Sunday, 14 August 2011

Vintage Cardigans: original vintage or a composite?

Here's a question thats been bothering me for a while and I'm hoping wise folk on the internet can help with: there seem to be a range of supposedly vintage cardigans with fur collars all over the place at the oment, which are all spookily similar. Are they for real?

To explain: at the London Vintage Fair a while back I found a gorgeous cream ardigan with eal fur collar. It had a diamante closure at the waist and a lining consisting of lace covered by chiffon, giving a very pretty effect of the lace showing through. It was quite distinctive and I nearly bought it, but decided to think on it a while as it was £75 and I am still slightly conflicted about wearing real fur, even when its vintage. I went back a little later and unsurprisingly it was old, but what did surprise me is that the vendor gave me her card, saying they got them in regularly. I assumed she meant cardigans with fur collars, but not the identicl thing.

I then wandered off round the fair a bit more, and to my surprise found another one of these, all the same features (fur collar, diamante closure in the same place, lace and chiffon lining) but in black for about £100.

Since then, I have seen the exact same item in a number of different shops. Looking at them, all the constituent parts do indeed seem to be vintage - the cardigan, the closure, the fur - they're always clearly originals, but he overall design and way its been made is always the same. I find this weird as one of the things about vintage is that even when you find something of the same broad fashion (in this case fur collared carigans), they are usually still distinctively different in some way.

So, my question is - was there really such a string fashion for this tyle at one point that there are lots of these on the market? (baring in mind I've never seen these before this year!) Or is someone making these and selling them on as original vintage, presumably combining original peies to make these more expensive items? I'd really like to know, as they are lovely, but I object to being sold something as original vintage at a high price when it may actually be an 'upcycled' item masquerading as vintage.

Here's the only picture of one of these I've been able to find online - an expired ebay sale I'm afraid, so not a great picture:  I'd be grateful for any information/thoughts on these!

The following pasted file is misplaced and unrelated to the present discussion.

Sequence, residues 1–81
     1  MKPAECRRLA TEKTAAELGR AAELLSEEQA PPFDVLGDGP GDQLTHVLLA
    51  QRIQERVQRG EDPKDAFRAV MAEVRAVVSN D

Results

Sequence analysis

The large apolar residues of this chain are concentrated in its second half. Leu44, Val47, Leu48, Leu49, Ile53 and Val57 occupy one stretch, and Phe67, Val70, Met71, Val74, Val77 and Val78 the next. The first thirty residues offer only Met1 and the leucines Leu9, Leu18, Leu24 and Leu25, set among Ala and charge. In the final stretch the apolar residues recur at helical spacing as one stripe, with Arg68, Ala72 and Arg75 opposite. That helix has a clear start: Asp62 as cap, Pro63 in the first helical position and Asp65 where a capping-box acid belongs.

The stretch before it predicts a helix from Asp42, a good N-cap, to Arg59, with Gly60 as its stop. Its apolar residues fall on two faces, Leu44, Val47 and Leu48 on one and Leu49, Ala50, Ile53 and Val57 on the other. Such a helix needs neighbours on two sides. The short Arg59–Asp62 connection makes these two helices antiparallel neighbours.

Wednesday, 3 August 2011

Vintage @ Southbank - a flying visit

London's Southbank is probably one of my favourite places in the world, but I decided a while back not to get tickets for the Vintage @ Southbank last weekend. This was primarily because of the price and the fact it failed to sell itself to me in terms of what you got for that money. The trouble is, London has so much on offer for vintage types as it is, so I suppose the festival needed to offer something really special for the price, and I just wasn't convinced. When the reduced price offers started going around a week or so ago, I was far more tempted - but by then I had got myself booked out busy for pretty much the whole weekend.

On seeing that there were quite a few free things going on outside the Royal Festival Hall, I decided to squeeze a visit into the only two free hours I had all weekend - Sunday morning. So I got up early and headed up to Southbank for 11am.

Royal Festival Hall - the bit I didn't go in!

beach huts

Unfortunately I initially wandered off in the wrong direction along the riverside, but this did mean I got to discover some of the groovy new things that have been set up along there recently, including a roof garden and beach area. I also mooched around the beach huts exhibit outside, which was pretty cool, and included a hut full of vintage swimsuits and bizarrely, and to my excitement, a mention of my grandfathers company and something he invented in one of them.

Granddad gets a mention at the bottom

vintage swimsuits through a window in a beach hut

This took up about half an hour or so before I finally found the vintage market place. This was nicely set up but already crowded. It was a rather hot day and not great for browsing due to having fight past people to get to the stalls, so I didn't actually buy anything, but I was pretty impressed with the range of stalls they had attracted, and found several vendors that I took cards of to look into again at a later date.

vintage market place entrance

My favourite was probably 'Hilary's Vintage', who had a great selection of good quality vintage of the styles I like (1940s, 50s and 60s) but sadly she doesn't have an online presence, so all I could get from her was a list of vintage fairs she'll be at soon, so I'll probably try to track her down again at the Clerkenwell Vintage Fair in September.

shop fronts in the market place

I also liked the stall for giving me a bunch of cute postcards on the theme of 'Which Era are you', and signed up for their newsletter.  Hepburn and Leigh ( had some cute retro lingerie, and Miss Libby Rose (, based in Greenwich looks worth a visit to their store for not just their vintage inspired clothes but also their intriguing sewing and craft lessons and haberdashery. I also loved the Horrocks shop with its reproduction 1950s dresses and gorgeous bedlinen.


There was a rather lovely looking tea room set up that I desperately wanted to sample, but didn't really have enough time. Similarly it would have been fun to take advantage of the beauty boutiques, but I was much more focused on getting round everything. I particularly impressed by the vintage funfair set up to entertain the kids.

traditional fun fair

All in all, I found myself disappointed to have to leave as there was plenty more still to look around, and I certainly could have had an entertaining day in the market and along the southbank without needing to venture into the Royal Festival Hall itself.